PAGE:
Advertisement
YOU ARE HERE: LAT HomeCollections

THE RACE TO THE WHITE HOUSE

New Political Ad Stars: Nobodies

September 05, 2004|From Associated Press

NEW YORK — Testimonial ads are nothing new in the political world. High-profile surrogates or supportive celebrities often film commercials endorsing a candidate, hoping voters will follow their leads.

Those have been rare this year. But quite a few ads have featured everyday Americans testifying about the state of the nation, as strategists seek to make politics -- and the presidential election -- personal through campaign commercials.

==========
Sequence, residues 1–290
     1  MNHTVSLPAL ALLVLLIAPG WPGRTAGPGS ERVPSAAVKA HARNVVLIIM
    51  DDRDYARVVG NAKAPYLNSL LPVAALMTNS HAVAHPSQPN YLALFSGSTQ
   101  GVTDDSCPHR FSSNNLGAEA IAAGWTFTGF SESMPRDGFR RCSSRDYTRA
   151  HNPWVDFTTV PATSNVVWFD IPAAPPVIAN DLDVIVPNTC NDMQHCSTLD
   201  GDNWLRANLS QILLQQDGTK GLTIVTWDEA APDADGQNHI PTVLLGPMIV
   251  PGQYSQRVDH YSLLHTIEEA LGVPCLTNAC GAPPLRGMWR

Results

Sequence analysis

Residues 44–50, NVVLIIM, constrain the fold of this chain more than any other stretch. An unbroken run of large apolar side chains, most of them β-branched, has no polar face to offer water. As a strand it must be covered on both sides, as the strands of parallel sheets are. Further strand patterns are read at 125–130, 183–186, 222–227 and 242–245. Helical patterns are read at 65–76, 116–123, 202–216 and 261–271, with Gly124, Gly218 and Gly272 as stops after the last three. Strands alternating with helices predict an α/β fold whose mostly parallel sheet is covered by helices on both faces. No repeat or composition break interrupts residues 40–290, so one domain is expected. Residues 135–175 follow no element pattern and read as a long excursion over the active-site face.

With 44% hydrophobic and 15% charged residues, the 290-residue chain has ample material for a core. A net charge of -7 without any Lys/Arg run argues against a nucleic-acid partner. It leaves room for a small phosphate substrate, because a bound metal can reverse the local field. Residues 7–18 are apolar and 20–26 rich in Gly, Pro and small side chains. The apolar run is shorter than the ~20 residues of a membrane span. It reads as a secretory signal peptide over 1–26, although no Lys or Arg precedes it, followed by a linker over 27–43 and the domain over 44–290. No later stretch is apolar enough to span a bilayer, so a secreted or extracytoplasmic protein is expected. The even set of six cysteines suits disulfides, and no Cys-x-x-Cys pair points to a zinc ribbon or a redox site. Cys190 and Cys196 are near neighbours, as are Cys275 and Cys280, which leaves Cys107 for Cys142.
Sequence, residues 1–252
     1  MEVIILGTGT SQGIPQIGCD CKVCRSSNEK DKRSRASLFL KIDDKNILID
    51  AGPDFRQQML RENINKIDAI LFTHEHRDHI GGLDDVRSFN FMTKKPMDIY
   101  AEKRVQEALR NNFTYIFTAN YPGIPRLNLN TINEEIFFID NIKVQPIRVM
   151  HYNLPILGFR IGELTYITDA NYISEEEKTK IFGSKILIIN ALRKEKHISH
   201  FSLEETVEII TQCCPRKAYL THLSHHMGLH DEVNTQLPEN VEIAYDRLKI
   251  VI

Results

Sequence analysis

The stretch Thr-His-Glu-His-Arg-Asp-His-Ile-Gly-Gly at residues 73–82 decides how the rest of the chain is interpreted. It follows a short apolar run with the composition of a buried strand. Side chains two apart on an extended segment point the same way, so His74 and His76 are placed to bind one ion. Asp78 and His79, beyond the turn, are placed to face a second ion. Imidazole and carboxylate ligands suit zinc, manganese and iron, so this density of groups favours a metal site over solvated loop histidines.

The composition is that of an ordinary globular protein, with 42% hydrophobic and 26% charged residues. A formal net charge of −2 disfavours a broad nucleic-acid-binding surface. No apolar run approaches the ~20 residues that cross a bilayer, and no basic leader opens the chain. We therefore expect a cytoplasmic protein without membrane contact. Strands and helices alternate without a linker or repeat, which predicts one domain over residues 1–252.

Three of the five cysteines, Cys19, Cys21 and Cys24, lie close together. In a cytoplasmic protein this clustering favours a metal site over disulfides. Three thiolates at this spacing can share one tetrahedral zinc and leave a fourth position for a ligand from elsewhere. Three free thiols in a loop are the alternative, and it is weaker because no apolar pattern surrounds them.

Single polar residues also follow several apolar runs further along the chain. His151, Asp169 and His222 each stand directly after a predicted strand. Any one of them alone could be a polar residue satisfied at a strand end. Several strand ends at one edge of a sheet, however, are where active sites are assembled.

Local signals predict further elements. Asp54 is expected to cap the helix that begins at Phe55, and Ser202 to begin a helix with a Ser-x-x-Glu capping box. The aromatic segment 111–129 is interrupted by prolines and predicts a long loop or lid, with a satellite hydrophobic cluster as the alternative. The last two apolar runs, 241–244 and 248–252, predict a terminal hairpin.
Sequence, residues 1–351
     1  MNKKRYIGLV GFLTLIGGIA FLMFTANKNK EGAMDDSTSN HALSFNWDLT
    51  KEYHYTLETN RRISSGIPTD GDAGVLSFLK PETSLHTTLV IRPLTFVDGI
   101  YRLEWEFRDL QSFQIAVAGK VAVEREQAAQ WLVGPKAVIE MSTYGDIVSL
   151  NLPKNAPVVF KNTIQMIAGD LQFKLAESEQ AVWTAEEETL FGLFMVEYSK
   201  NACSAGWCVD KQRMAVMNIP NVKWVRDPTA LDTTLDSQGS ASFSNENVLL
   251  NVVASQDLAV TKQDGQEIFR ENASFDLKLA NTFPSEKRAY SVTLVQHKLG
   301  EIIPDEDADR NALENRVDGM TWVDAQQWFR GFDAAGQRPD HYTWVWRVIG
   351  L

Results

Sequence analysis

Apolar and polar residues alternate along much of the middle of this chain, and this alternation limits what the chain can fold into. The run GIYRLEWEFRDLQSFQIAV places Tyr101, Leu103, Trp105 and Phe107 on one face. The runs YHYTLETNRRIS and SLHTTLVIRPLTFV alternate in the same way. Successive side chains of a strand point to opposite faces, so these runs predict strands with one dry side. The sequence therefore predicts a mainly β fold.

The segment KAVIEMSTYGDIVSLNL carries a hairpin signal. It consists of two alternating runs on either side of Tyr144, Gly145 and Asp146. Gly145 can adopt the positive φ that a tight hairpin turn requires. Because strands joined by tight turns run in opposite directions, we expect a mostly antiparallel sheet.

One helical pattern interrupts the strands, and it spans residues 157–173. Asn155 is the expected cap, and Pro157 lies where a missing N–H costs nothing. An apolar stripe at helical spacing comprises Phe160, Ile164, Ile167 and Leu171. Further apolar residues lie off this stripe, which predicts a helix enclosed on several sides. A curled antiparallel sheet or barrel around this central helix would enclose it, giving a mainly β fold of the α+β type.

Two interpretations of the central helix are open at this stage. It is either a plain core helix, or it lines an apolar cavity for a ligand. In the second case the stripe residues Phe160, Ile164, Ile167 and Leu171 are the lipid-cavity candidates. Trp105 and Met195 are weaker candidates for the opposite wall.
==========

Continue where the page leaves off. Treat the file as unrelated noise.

Such "real people" or "man-on-the-street" ads are popping up more on the Democratic side than on the Republican side.

Little evidence exists that testimonial ads of any sort are successful in persuading voters. But people who have studied political ads said personal accounts from "regular Joes" were likely to be more effective than star-studded spots because the average voter could relate to them.

"If you have an ordinary person testifying to a person's virtue or vice, their opinion can be very credible," said Darrell West, who teaches about political ads at Brown University.

"People want to feel connected, and if it's personal to them and they can grasp it, that can be very effective."

Advertisement
Los Angeles Times Articles
|
|
|